A nonrefundable credit is a credit that is limited by the amount of the taxpayer’s tax liability for the year. A taxpayer is only entitled to claim nonrefundable tax credits to the extent that the combined amount of the credits does not exceed total income tax liability for the tax year. So unlike refundable credits (Q 8553), a nonrefundable credit can never result in a refund or credit.However, because certain nonrefundable credits in excess of a taxpayer’s tax liability for a tax year may be carried forward into future tax years (and others cannot be carried over), it is important to consider the order in which a taxpayer claims the nonrefundable credits.1

      The following tax credits are classified as nonrefundable credits:

      …Personal credits which consist of the child and dependent care credit;2 the credit for the elderly and the permanently and totally disabled,3 the qualified adoption credit,4 the nonrefundable portion of the child tax credit,5 the American Opportunity (the increased limits were made permanent by PATH), Hope Scholarship, and Lifetime Learning credits,6 the credit for elective deferrals and IRA contributions (the “saver’s credit,” which became permanent under PPA 2006);7

      …The nonbusiness energy property credit (extended through 2021)8; and the residential energy efficient property credit;9

      …Other nonbusiness credits;10

      …The general business credit is the sum of the following credits determined for the taxable year:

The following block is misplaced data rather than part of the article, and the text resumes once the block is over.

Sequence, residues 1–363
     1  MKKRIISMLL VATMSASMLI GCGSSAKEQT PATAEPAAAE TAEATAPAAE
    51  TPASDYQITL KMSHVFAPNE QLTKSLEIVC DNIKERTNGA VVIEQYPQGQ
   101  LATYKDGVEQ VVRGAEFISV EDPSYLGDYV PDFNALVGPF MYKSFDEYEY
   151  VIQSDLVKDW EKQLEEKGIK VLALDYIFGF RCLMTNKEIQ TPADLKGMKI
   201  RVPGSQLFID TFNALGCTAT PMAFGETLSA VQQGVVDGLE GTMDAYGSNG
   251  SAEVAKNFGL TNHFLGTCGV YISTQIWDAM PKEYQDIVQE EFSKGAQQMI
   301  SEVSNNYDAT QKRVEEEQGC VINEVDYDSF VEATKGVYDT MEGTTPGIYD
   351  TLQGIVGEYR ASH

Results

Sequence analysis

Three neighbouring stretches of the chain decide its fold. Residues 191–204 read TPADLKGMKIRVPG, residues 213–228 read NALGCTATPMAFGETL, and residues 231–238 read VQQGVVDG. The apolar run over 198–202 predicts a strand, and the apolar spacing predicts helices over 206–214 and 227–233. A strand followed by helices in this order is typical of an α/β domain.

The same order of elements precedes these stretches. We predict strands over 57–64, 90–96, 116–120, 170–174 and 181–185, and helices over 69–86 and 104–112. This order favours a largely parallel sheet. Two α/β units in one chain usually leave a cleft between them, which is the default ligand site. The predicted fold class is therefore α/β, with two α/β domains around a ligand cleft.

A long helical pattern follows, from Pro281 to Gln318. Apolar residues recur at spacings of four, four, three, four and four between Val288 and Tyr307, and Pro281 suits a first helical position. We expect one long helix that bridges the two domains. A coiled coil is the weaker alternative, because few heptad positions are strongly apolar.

(1) the investment credit determined under IRC Section 46 (including the rehabilitation credit);

      (2) the work opportunity credit determined under IRC Section 51(a) (extended through 2025);


      Planning Point: The work opportunity tax credit can provide a valuable tax benefit for business owners who hire certain workers through the end of 2025. Businesses can claim the WOTC for hiring workers classified into one of ten groups. One of those groups includes individuals who have been unemployed for at least 27 consecutive weeks and have received state or federal unemployment benefits for at least a portion of that period. The employer must submit Form 8850 to their state workforce agency (not to the IRS) within 28 days after the employee begins work. The employer claims the credit on their federal income tax return, based on wages paid during the first year of employment. The credit is calculated on Form 5884 and claimed on Form 3800, General Business Credit. Because of the pandemic and widespread unemployment relief, many additional small business clients may qualify for this credit in 2021 and 2022.


      (3) the alcohol fuels credit determined under IRC Section 40(a);

      (4) the research credit determined under IRC Section 41(a) (made permanent by PATH);

      (5) the low-income housing credit determined under IRC Section 42(a);

      (6) the enhanced oil recovery credit under IRC Section 43(a);

      (7) in the case of an eligible small business, the disabled access credit determined under IRC Section 44(a);